On December 2, 2016, Chad, the last country to finish the SMC round, completed its fourth cycle. This marked the last ‘implementation’ day of the ACCESS-SMC project, which is scheduled to end on August 31, 2017.
After reaching 3.2 million children in 2015, provisional estimates reveal ACCESS-SMC has reached approximately 6.4 million children across the seven target countries this year. Preliminary administrative coverage results illustrate a good year of implementation, with an adjusted average of 95.4 percent. The challenges encountered in Nigeria and Chad during the first and fourth cycle, due in part to logistics delays related to the introduction of the dispersible formulation, were offset by major improvements in Niger, where revised delivery approaches in urban areas resulted in an increase of coverage in 2016 consistently above 80 percent.
The dispersible formulation was very well received by beneficiaries, their caretakers, and by the community distributors who reported a considerable improvement in the ease of use. Gone are the days of laboriously using a mortar to crush hard, bitter pills for just one child, which took minutes at a time. The sweet, dispersible formulation takes just under 30 seconds to dissolve in a small amount water, a great improvement for administration at-scale. A health worker in Mali couldn’t be more precise: “Eh, c’est rapide ça!” (This is fast!)
While Malaria Consortium and Catholic Relief Services teams worked with national health authorities in the field to implement SMC at scale, other ACCESS-SMC partnerships were busy finalizing some of the important preliminary research results. These findings were presented in November at the ASTMH conference in Atlanta, Georgia USA. Among the highlights, preliminary impact results were presented that seemed to confirm the scale at which SMC can protect children under five from contracting malaria. The number of malaria cases reduced by 24 percent in Chad to 66 percent in The Gambia, with Burkina Faso and Mali showing reductions just under 50 percent.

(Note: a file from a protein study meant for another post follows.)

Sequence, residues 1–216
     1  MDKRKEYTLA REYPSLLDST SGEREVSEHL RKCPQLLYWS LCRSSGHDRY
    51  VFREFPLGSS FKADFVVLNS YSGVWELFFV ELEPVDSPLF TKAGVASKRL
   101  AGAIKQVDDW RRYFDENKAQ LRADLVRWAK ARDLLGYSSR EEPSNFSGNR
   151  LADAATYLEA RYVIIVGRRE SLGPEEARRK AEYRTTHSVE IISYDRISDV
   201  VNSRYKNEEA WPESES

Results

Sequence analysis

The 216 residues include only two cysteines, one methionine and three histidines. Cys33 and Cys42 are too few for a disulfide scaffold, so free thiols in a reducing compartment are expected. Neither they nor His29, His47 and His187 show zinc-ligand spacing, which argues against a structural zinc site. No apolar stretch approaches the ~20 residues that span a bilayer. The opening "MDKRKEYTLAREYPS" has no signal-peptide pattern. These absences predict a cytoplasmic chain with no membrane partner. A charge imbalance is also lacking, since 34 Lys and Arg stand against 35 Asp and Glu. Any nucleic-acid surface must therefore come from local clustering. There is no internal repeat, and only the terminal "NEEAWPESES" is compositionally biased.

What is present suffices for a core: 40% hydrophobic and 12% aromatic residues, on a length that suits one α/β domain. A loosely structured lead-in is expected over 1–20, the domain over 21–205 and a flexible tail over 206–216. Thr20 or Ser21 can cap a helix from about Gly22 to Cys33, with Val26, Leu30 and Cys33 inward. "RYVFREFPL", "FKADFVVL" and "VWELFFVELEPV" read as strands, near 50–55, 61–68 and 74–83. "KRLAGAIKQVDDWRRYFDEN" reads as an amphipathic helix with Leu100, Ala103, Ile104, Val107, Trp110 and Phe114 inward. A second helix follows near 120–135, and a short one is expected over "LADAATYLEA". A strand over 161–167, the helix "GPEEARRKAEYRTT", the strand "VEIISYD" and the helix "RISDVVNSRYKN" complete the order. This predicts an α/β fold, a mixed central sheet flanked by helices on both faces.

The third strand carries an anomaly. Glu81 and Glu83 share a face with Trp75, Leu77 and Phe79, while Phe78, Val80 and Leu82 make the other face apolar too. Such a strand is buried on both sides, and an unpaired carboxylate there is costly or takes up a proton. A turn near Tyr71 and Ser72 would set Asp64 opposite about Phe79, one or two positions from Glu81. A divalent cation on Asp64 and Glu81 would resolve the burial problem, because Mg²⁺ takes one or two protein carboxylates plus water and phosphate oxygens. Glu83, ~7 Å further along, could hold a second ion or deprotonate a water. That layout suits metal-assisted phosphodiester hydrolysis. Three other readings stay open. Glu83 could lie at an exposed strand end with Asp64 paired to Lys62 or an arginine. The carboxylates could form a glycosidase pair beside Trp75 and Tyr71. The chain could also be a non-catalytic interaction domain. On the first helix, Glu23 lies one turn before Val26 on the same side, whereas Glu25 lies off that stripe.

Experts also discussed the financing required each year to keep SMC, a relatively inexpensive intervention, sustainable. In addition to advocating for a continued increase in resources to reach eligible children in areas that have not yet benefitted from the treatment, this implementation must also be integrated within the regular government health spending plans.
With areas in the Sahel having the highest incidence of malaria in the world, and the effectiveness of the scale-up now proved, it is time to look towards reaching all 25 million eligible children whose lives would be saved by SMC.
As ACCESS-SMC draws to a close, we are happy to confirm that other funding streams will continue ACCESS-SMC’s work in the countries and districts served by the project during these past two years. I would like to personally congratulate all the ACCESS-SMC regional and country teams, from all partners and research institutions. Of course, I want to highlight the role of the key frontline actors, the national health authorities, who, under the guidance of their respective National Malaria Control/Elimination Programs, managed to prevent malaria affecting hundreds of thousands of children in Burkina Faso, Chad, Guinea, Mali, Niger and Nigeria and The Gambia.
On this positive note, I would like to wish on behalf of ACCESS-SMC management and Malaria Consortium a Merry Christmas, happy holidays (for those lucky enough to have some!) and an excellent start to 2017, with more work towards preventing malaria in the Sahel.